One sign that Steve Jobs is back to his old self: He's already sniping at rivals. After Apple's iPod launch event on Wednesday, the New York Times' David Pogue asked the CEO whether he has doubts—as he's expressed in the past —about the market for e-readers, especially Amazon's Kindle. Jobs said he was still skeptical. Amazon, he pointed out, has never released sales numbers for the Kindle, and "usually, if they sell a lot of something, you want to tell everybody." More importantly, Jobs doesn't think people want to buy a device just to read books. "I'm sure there will always be dedicated devices, and they may have a few advantages in doing just one thing," Jobs said. "But I think the general-purpose devices will win the day."
Jeff Bezos could rightly call Jobs' theory bogus: Really? People aren't willing to pay for a device that only does one thing? Have you heard of a little thing called the iPod, Steve? On the other hand, it's been a long while since the iPod did only one thing. Sure, way back in the early 2000s it just played music. Then Apple added support for audiobooks. Next, some models began to display photos. Photos became videos. Then iPods got a new name, a touch screen, a phone, Web browser, GPS, compass, and, through the App Store, basically any other function developers can think up. On Wednesday, the iPod Nano, whose capabilities had been limited to playing music and videos, got a video camera, too. Now the Nano has two completely different uses—it plays media, and it makes media. People who still want a dedicated music player can get the iPod Classic (which also does video) or the iPod Shuffle, but these products are clearly not the apple of Apple's eye or the source of its revenue. (The Nano and the Touch are Apple's best-selling iPods.)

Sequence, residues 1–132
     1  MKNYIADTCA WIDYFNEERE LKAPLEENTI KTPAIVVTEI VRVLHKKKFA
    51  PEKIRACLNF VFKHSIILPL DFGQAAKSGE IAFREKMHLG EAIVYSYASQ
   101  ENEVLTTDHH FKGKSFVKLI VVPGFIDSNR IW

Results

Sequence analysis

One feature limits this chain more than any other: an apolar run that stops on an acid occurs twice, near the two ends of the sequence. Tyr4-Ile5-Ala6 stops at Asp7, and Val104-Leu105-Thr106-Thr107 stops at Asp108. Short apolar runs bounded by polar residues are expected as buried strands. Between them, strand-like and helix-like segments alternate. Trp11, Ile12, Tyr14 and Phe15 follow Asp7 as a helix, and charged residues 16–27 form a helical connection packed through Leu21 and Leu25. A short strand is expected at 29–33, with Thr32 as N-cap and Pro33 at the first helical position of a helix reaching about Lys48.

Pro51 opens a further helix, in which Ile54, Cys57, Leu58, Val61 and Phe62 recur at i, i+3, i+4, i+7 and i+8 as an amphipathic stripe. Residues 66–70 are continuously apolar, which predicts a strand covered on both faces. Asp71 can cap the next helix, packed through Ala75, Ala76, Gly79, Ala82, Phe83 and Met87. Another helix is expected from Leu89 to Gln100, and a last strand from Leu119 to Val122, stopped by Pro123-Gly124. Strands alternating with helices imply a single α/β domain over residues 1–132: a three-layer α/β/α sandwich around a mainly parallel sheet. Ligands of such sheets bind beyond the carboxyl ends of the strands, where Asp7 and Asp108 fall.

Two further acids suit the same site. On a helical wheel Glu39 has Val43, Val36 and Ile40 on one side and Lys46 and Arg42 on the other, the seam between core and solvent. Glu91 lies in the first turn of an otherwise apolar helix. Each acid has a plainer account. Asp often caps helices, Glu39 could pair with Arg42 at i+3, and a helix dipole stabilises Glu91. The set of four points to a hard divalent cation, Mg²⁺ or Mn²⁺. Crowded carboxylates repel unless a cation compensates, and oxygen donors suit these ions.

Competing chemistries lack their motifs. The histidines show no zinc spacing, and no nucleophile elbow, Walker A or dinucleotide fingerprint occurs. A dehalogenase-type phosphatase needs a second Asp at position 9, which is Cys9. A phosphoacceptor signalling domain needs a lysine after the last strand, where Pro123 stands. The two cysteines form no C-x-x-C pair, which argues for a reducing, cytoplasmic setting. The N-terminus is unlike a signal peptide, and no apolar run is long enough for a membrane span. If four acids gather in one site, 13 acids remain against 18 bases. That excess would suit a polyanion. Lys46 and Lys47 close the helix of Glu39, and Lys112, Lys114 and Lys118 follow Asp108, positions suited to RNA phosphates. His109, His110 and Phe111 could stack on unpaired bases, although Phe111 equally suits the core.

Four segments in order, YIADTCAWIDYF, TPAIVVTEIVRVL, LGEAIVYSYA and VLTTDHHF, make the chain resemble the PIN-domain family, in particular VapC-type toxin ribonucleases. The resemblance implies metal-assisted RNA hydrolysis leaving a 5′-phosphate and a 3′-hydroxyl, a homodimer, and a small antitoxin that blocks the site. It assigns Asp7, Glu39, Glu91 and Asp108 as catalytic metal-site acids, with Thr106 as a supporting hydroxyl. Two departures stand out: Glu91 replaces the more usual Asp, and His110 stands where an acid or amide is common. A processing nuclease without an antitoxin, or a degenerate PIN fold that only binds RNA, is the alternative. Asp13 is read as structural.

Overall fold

The new Nano signals an inevitable, though still remarkable, transition: The iPod is dead. I don't mean the name won't stick around or that people will stop buying Apple's devices. Rather, the sun is setting on what the iPod once was—a device you bought to play digital music. Nobody knows when Apple will add Internet connectivity to the Nano, but you'd be a fool to bet against it happening in the next three years. And with that, the floodgates: Once the Nano gets the Internet, why not the App Store? And why not GPS, a compass, and a touch screen? At the moment, these options are too expensive to add to a tiny device, but tech is always getting cheaper and smaller. The video camera is just the start—it won't be long before the Nano, like the iPod Touch and the iPhone, turns into what Jobs calls a "general-purpose device." The rest of us have another name for such a machine: a computer.
Not everyone will herald this transition. After all, why do you need a mini-computer when all you want is a music player? That question is a variation on a more general lament regarding the consumer-electronics industry—what critics call "feature creep." Why are they always adding more stuff? The idea of building a camera into a cell phone once struck a lot of people as bizarre—who wants to take pictures with a phone? But it's now impossible to get a mobile without one. Why does that always happen? Why can't they leave well enough alone?